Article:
The dairy industry’s main method of production includes such side-steps and loopholes to allowing cows any sort of right or privilege to the outside world by keeping them in a state of constant impregnation and the pains associated with repeated insemination.

Chicken and egg farmers appear to be the number-one spokespeople for promoting the free range and cage free ideal, but only for business purposes.

Behind the labels and happy hen images on the packaging “it is far more common for free-range chicken farms to house hundreds of thousands of chickens in only a few enormous sheds…Sometimes, a door is cut at the end of these sheds, leading to a small gravel or mud lot. This almost useless concession allows these farms to announce that their chickens have access to the outdoors,” according to Liberation BC.

In other cases, however, the birds are not allowed outside at all.

Scott Akom, an employee of the Horizon Foods Organic and Free Range Farm explained his refusal to allow the chickens access to the outdoors as follows: “Free-roaming and cage-free mean the same thing. The chickens are free to go wherever they want. Inside the chicken house.”

This may leave some people wondering: is there any cruelty-free way to keep animals in captivity? How can we guiltlessly enjoy a hamburger, a trip to SeaWorld, a luxurious fur coat while giving the animals some breathing room?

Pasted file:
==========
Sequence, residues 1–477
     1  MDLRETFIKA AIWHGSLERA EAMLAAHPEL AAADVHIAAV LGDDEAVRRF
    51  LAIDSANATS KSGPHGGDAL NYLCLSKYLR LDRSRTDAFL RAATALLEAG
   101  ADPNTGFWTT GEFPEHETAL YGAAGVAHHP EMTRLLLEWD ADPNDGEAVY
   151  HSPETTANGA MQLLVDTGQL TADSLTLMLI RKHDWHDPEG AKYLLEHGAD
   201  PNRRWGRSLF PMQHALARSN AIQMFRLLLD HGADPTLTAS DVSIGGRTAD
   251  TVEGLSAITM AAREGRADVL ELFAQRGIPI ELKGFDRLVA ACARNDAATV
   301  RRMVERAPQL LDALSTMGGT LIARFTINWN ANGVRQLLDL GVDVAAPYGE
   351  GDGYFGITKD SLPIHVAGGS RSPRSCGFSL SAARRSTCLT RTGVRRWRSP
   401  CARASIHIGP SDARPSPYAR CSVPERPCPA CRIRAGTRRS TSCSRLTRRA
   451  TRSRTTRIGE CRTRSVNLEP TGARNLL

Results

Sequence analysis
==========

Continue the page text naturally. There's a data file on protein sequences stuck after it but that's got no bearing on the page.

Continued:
This should not come as a huge surprise, but “some breathing room” does not equal granting animals the rights and respect they deserve. In order to do that, we might want to suggest not only getting rid of the cages, but the practices themselves.

Animals do not lead natural and happy lives if we continue to designate them to nothing more than a product on the shelf, to a commodity that is traded, bought and sold, slaughtered, and confined.

As Peaceful Prairie Sanctuary writes, “Isolated from the natural world to which they belonged for millennia, farmed animals are forced to live their short lives in severely degraded physical and psychological environments that are far different from the ecosystems and cultures from which they historically derive. Severed from the intricate social structures that governed and guided their free-living communities and confined, without the possibility of escape, to a human world where they have no place in the present, no link to the past, and no possibility of a future, domesticated animals have no power whatsoever over the most important aspects of their lives”.

Image source: Jo-Anne McArthur/We Animals